With so much heavy responsibility on her shoulders, one of the ways Senator LaBoucane-Benson handles her stress is through ceremony; for example, fasting. “There were times during my PhD when I felt like I was barely hanging on by my fingertips. Other times where I felt like I was climbing the mountain and doing really well and feeling good about it. But many times where it was just so, so stressful, and I was very grateful to be a faster, to be able to fast. The fasting ceremony was worked into my PhD learning because I had a Western learning path and I had a traditional Indigenous way-of-knowing learning path, and some of the work I was doing was in ceremony. It was those ceremonies that just kept me going. Even when I wanted to quit, I knew I had made the ceremonial commitment to finish this PhD through and it was such a tremendous support to me.”
Other supports the Senator leans on during trying times are her mentors. “I’ve had the opportunity to work with absolutely amazing, inspired, deeply philosophical Elders who have always taken this learning journey and elevated it in many ways to a spiritual journey. It was an idea that my four parts of myself had to be engaged in that learning process: my physical, mental, emotional and spiritual self. Really, every single part of me was tasked and sometimes stressed in that process, but I would say my PhD journey was transformational in many ways because of that support.”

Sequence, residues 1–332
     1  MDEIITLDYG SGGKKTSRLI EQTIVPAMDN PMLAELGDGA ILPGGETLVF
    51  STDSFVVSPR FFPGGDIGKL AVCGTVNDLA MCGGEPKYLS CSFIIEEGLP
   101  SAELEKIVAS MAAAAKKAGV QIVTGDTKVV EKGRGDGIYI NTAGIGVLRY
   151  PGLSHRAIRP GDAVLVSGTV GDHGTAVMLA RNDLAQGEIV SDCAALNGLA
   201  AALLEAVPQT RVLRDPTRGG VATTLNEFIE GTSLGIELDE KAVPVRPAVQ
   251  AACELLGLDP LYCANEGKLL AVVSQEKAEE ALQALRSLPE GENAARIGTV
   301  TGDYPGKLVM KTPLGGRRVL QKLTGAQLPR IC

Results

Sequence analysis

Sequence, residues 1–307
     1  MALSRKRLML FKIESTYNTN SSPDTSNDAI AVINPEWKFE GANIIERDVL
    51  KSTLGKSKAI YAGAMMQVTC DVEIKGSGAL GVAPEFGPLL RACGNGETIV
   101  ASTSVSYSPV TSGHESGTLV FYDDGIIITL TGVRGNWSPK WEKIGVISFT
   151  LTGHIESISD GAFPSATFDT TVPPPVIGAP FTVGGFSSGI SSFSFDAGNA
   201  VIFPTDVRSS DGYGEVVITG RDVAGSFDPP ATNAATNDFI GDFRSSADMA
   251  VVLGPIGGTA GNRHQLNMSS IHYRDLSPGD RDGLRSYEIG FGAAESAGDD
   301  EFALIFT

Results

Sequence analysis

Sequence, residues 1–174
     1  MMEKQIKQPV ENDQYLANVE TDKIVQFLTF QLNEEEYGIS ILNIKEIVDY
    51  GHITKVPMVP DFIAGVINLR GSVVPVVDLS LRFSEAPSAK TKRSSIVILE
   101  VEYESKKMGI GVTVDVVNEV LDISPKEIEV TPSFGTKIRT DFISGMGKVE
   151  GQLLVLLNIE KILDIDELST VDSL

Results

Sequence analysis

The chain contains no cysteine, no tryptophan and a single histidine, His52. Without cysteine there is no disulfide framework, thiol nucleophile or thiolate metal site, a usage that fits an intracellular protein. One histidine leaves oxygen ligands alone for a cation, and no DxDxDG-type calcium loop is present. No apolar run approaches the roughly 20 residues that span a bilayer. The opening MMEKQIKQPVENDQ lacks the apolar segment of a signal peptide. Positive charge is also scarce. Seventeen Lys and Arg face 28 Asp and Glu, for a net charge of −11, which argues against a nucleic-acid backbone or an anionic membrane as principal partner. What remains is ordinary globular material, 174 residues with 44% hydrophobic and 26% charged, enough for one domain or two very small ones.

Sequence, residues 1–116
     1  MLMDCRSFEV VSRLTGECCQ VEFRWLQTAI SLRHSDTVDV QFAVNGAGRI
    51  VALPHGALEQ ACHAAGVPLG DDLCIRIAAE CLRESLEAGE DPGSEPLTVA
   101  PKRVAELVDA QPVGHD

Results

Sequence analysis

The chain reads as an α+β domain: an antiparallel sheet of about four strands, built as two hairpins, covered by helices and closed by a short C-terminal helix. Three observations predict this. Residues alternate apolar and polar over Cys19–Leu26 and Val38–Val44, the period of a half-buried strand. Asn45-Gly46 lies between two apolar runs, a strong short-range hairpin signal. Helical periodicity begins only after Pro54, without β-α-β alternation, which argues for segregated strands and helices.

After completing her studies, Senator LaBoucane-Benson wanted to take her ideas beyond academia and reach a broader Canadian audience. “I don’t believe we make changes in the community and changes in people’s lives by academics talking to each other.”
Together with her colleague, comic book illustrator Kelly Millings, Senator LaBoucane-Benson wrote The Outside Circle, which was published by the House of Anansi Press in 2015 and won the 2016 Burt Award for First Nation, Inuit, and Métis Literature. “I’m so grateful to them for publishing, because it’s kind of changed my life.”
In 2018, Patti LaBoucane-Benson was called by the Prime Minister to sit as a Senator in the Red Chamber. As someone who devoted her life’s work to Indigenous issues, it’s not surprising that Senator LaBoucane-Benson spends a lot of time “thinking about the decolonization of legislative spaces.” She explains, “That sounds very academic, but as an Indigenous Senator, having all of these Elders that have been kind enough to spend time with me and teach me and invest their energy in me. How do I take those teachings and not only apply them to the work that I do, but how do I influence the way that legislation is passed in a very decolonized way?”